Triple Dip Recession Fears Rise Again After ONS Reveals Manufacturing Output Dropped 1.5%

Sterling dropped to a new two-and-a-half year low on Tuesday of 1.48 against the US dollar after another dire month for manufacturing output, which slid by 1.5% during a snow-hit January.

Fears of a triple-dip recession rose again, after the latest gloomy figures from the Office for National Statistics (ONS) also showed the UK economy contracted by a worse-than-expected 0.3% at the end of 2012, meaning it will return to recession if we have another decline in the current quarter.

Samuel Tombs, UK economist at consultancy Capital Economics, said: "January's figures do little to ease fears that gross domestic product (GDP) may still be contracting and that the economy could therefore be in a triple-dip recession."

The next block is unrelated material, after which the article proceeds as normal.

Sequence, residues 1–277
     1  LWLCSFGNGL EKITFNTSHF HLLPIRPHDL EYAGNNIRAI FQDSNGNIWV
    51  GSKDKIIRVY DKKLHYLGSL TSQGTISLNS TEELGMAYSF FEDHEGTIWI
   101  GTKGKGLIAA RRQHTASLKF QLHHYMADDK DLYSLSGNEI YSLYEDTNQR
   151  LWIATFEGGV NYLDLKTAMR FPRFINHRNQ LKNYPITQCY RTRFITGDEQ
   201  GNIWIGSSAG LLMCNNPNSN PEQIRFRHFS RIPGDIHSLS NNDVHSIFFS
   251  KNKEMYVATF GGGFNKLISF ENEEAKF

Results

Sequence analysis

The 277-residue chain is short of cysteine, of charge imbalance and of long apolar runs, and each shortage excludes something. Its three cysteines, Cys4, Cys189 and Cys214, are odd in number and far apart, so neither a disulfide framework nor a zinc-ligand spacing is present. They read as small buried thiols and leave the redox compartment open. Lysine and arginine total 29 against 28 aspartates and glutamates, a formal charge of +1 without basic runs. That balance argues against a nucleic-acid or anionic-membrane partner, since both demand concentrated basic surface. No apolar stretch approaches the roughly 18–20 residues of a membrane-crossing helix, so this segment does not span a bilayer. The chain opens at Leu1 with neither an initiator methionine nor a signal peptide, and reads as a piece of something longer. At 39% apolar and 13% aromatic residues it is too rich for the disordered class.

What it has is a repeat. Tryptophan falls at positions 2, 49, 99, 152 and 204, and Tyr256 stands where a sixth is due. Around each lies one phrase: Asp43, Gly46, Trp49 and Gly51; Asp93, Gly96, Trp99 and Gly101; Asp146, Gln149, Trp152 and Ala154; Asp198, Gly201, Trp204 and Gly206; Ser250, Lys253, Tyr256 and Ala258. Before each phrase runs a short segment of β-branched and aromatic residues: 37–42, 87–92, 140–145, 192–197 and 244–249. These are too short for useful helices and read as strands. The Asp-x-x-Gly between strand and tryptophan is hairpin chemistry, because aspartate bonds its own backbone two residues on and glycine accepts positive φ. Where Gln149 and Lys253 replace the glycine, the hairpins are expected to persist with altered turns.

The manufacturing decline, which followed signs of improvement in December, meant overall industrial output dropped by 1.2% in January, dashing City hopes for a better performance over the month.

Other factors behind the fall included the closure of the Schiehallion oil platform, which drove a 4.3% slide in oil and gas output.

While it is still possible that the services sector could rescue the UK economy in this quarter, the figures increase the pressure on the Bank of England to boost stimulus measures next month, principally by starting the printing presses again.

Most City experts believe there will be more quantitative easing this spring with interest rates at a record low for another two years.

Further signs that UK exporters are finding life tough emerged in separate figures on the UK's trade and goods deficit, which narrowed to £2.4 billion in January from £2.8bn the previous month.

Total exports in goods decreased by £900 million or 3.5% to £24.4bn, while lower consumption meant total imports fell by £1.4bn or 4.2% to £32.6bn.

Lee Hopley, chief economist at EEF, the manufacturers' organisation, said: "The main takeaway from the data so far this year is that much of manufacturing is facing an uphill challenge to grow in a difficult global demand environment."